May 6, 2011
Haiku My Heart is the brainstorm and creation of my friend Rebecca at recuerda mi corazon. Wander over there and see more Haiku My Heart and find out how you can be a part of all the fun and festivities.
Prairie Wind Moves Us
Massive, Gentle, Healing Breath
In the Lakota language, the North American Bison is called Tatanka, (Tah-Tahnk’-Ah). These creatures roamed the plains from somewhere in Mexico, throughout what is now the United States and up North, deep into Canada.
Many creation stories, legends, sagas, tales and traditional narratives surround Tatanka. One story tells about a race that was won by the two-legged creatures and how the four-leggeds had to serve the winners. The Buffalo gave itself to mankind for this task and provided everything people needed. Food from the muscle, shelter from the hide, tools from the bones and horns, medicine from the blood and body and a myriad of other gifts.
|Grand Daughter Anna in South Dakota seeking Buffalo, 2006|
|Artists depiction of the White Buffalo Calf Woman|
Times have certainly changed, and the Bison no longer roam in the wild. Even in Yellowstone National Park, where the last of the original blood line indiginous to this Continent live, some 3000 of them, great lengths are set to keep these magnificent creatures within the boundaries of the park. Of course this creates a problem as the Buffalo know of no man made boundaries. I strongly urge you to check out the work of the Buffalo Field Campaign and become aware of how the last of an American Icon, as in the Continent of North America, treats this particular wild animal.
In South Dakota, at the Custer State Park and the Wind Cave National Park, Buffalo roam on the many acres of alloted to public land. These Bison are rounded up every Fall and counted, vaccinated, visually and physically checked out and culled. The event is called the Custer State Park Buffalo Roundup and Arts Festival.
|South Dakota Buffalo at the Annual Buffalo Roundup|
My first born Grand Daughter was given the Buffalo. She was told about this as she grew up and she does still connect with the Buffalo. One year, in 2006, we traveled to South Dakota to witness the roundup first hand. She was young, eight years old, and we traveled together, just the two of us.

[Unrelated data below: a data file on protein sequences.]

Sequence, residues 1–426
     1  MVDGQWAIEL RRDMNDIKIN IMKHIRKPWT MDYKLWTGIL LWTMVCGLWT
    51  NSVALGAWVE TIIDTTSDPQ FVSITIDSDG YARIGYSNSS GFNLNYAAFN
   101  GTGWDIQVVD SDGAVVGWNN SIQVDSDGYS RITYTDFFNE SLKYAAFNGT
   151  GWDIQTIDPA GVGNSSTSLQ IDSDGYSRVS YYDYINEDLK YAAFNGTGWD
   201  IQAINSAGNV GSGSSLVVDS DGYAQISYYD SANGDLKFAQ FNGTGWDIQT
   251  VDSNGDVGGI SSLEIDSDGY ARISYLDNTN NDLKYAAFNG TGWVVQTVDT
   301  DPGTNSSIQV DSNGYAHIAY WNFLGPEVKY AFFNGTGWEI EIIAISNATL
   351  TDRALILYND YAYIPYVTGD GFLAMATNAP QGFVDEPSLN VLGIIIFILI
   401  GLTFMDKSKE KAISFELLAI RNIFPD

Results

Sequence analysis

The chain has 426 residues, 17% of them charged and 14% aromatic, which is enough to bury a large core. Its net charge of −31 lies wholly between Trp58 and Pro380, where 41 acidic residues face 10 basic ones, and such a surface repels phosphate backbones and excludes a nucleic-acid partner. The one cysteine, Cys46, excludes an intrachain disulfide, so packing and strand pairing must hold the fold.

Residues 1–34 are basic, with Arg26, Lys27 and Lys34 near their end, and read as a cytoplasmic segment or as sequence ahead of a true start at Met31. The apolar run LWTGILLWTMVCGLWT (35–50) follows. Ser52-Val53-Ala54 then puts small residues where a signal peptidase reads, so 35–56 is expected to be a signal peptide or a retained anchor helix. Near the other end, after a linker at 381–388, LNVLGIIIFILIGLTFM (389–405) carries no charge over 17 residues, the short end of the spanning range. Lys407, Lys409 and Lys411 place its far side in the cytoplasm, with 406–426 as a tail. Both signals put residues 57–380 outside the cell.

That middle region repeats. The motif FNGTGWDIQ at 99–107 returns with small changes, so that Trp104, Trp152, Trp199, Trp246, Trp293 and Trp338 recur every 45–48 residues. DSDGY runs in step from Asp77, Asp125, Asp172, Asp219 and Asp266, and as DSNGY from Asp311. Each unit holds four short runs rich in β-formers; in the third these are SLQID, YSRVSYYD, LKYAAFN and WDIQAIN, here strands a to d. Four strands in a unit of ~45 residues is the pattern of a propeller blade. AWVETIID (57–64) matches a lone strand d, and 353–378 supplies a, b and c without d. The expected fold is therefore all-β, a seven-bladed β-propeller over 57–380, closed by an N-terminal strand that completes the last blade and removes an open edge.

We watched as a thousand buffalo were herded through a draw into pens for the process. The photos posted here are just a few of the hundred or so we took. Click on any image to enlarge it. I also have some video and I just purchased what I need, both hardware and software, to edit and produce the roundup video. That will happen soon, I hope.
My Haiku today, comes from my heart. I believe the breath of every creature, as well as any wind that blows, to be the breath of The Creator. For me, this is especially evident in the case of Tanaka, as my spiritual name, given to me by an Anishinabe, (Ah-Nish-Ah,Nah’-Bay), Medicine Man a few years ago, is Mashkoday Biizheekiins, (Mush’-Koh-Day Bee-Zhee-Keens’). That translates to Little Buffalo. In Lakota, my name is Tatanka Cistila, (Chee‘-Sdee-Lah).
I had contact with my Spiritual Elder friend yesterday and we will talk soon on the telephone to make plans for Summer ceremony, a Sun Dance held during the Full Moon time of June in Canada, near Winnipeg.
|Missouri River railroad crossing at Chamberlain, SD|
I had no idea of ‘If’ or ‘What’ I was going to post for Rebecca’s marvelous Haiku My Heart Friday project, but I did when I was awakened by a loud noise.
I was sleeping soundly and dreaming. In my dream, a Buffalo appeared. It was in a motel room, and that’s really odd, but I did have Tatanka visit me in my dreams, and that’s an honor. According to my teachings, the occurance needs to be dealt with with some respect and consideration. Add to the dream the loud bang I heard, and for all I know, Tatanka was upstairs and leaving when I heard him. Maybe the fact that I was in touch with the Medicine Man earlier has something to do with it.
I couldn’t get back to sleep. I knew I had these pictures, these memories and a story to tell and the rest is right before your eyes in the form of this Blogpost.
There is so much I want to say about my spiritual path, about our connection with all of Nature and the places, both mental and physical, that the lessons of the Elders and Ancestors has taught me over the years. I’ll leave it here for today and write again about the subject as the need arises.
In the meantime, have a Peaceful day.